Everglide Giganta versus Ratpad

Review date: 25 February 2000.
Last modified 03-Dec-2011.


If you'd told me, ten years ago, that people would pay good money for special mousemats in the year 2000... well, I would have found you more plausible than those kids' books from the 50s that firmly stated that by 1978 we'd all be commuting to work in little helicopters.

But I still wouldn't have kept an eye out for hot mousemat company stock opportunities.

And I would have been wrong. "Premium" mousemats still aren't all that well known, but they're selling nicely. And for good reason.

Most computer users rub their mouse on some awful piece of cloth-covered foam rubber, or one of the newer-style rubber slabs with a textured plastic top. There's one good reason to use one of these mats - they're pretty much always free, because they come with some company's logo on 'em. If you can walk through a computer show without having the opportunity to acquire half a dozen free mousemats, then your freebie-avoiding skills will be of interest to sociologists.

But free mousemats are crummy. The cloth ones peel, and collect crud, which they assiduously transfer to the rollers of standard opto-mechanical mouses, via the rubber-coated ball. The newer plastic-topped ones are better, but their plastic surfaces aren't very textured - they can't be, because they've usually got an ad underneath that has to be legible. So they're often too slick, but they still transfer grot to your mouse's rollers. And they often have rather abrasive edges.

If you're an occasional computer user, none of this matters. A cruddy mousemat is only a minor annoyance. Heck, you can get along without a mousemat at all - although the bare surface of most desks seems to have a preternatural ability to squirt schmutz into mouses.

But if you use a mouse all day, and accuracy is really important to you - for graphics work, or for games, or just because it honks you off when your mouse rollers clog up - then a "pro" mousemat can be a remarkably good idea. Heck, it's a good idea even if you just want to clean your mouse less often.

The first pro mousemat was 3M's Precise Mousing Surface, a surprisingly small vaguely kidney-shaped piece of thin, floppy, rubber-backed textured plastic. The PMS is quite a nice mousemat. Mouses get great traction on it, but the ridged surface doesn't let much dirt get on the mouse ball, or produce very much frictional resistance. And because it's so thin, the PMS doesn't jack up your hand off the desk; it's surprising how much difference the thickness of a mousemat makes.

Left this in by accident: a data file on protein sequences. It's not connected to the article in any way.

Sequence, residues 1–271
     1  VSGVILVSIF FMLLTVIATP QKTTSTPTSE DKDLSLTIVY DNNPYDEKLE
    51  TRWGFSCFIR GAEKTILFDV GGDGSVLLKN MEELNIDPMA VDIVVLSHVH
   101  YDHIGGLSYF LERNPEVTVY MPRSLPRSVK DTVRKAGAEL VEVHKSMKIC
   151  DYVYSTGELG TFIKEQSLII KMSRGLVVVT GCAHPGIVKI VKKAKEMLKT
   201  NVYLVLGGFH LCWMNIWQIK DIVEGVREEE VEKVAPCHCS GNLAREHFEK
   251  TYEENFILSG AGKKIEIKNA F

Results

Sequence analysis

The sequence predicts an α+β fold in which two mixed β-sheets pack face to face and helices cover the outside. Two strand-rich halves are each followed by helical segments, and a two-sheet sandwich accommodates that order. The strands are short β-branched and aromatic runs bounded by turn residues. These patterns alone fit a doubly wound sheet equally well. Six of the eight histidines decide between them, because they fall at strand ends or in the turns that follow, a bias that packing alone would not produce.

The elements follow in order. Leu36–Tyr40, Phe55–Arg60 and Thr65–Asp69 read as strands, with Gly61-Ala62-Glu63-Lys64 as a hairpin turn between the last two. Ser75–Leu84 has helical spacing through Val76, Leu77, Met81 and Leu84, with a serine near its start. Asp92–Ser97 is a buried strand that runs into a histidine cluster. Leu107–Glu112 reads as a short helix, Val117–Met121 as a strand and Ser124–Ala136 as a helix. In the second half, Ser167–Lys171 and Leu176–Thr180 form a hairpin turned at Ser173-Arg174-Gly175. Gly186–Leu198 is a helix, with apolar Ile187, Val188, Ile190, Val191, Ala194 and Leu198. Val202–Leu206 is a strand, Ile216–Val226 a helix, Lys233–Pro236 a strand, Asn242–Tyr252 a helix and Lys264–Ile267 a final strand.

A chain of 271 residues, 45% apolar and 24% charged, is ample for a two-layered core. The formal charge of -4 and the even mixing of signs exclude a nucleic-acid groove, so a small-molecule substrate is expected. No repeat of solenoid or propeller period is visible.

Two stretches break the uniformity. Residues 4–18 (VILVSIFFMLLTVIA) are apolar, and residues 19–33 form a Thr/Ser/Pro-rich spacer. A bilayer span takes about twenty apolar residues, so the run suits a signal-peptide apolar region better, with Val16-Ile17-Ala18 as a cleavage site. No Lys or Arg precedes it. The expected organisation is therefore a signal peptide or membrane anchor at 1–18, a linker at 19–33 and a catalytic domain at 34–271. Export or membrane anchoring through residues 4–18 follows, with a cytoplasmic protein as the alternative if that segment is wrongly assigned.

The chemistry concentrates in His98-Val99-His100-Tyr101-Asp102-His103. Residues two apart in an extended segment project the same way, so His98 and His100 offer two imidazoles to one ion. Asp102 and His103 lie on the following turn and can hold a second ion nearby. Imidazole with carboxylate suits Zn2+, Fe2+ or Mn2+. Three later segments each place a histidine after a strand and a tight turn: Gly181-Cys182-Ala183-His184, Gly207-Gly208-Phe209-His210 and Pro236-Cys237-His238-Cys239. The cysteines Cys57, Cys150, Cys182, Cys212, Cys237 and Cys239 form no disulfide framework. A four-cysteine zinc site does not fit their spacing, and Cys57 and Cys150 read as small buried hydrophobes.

Unfortunately, the PMS is also easily gouged or folded, unless you glue it to your desk; when it was the only pro mousemat around, aficionados were used to buying a new one every few months. You can get thicker, tougher ones now, but I don't think anyone brings them into Australia; in any case, they're still, basically, floppy.

Mousemat glamour shot
The Everglide Giganta (limited edition blue version) and a standard black Ratpad.

Enter Everglide. They had the idea of making mousemats out of hard plastic. Mould the texture into the top, bevel the edge so it doesn't cut into the user's wrist, make the thing only about a quarter of an inch thick so there's not too much of a high-rise feel, stick some rubber feet on the bottom, presto.

OK, so it's not going to win them a Nobel prize, but these are nifty things nonetheless.

There were a few rigid mousemats around before - like these hand-made Japanese wooden ones - but they were all slick and rectangular, designed for posey executives, not hard-workin', hard-playin' serious computer users.

The immediate reaction of many people, upon discovering Everglides, is that it doesn't exactly take the mind of Isaac Newton to come up with the idea of just using a cheap plastic cutting board from the kitchen. But a proper Everglide is better.

Everglide surface texture

The Everglide's surface texture is slick without being too slick - the plastic it's made of is different to cutting-board material, which gives less ball traction. Everglide edges are nicely bevelled. And Everglides originally came both in a cutting-board-esque oblong, and a pleasing oval with a bite out of it for your wrist, which shape is called the "Large Attack Pad". There was a slightly smaller Attack Pad, too, but that's been discontinued now.

Whether there's a $5 cutting board out there that's every bit as good as an Everglide is a matter for debate. Not very interesting debate, I grant you, but debate nonetheless. Most people just bought an Everglide and were happy.

Both new mousemats
Both mousemats have a rebate for your wrist, and they're much the same size.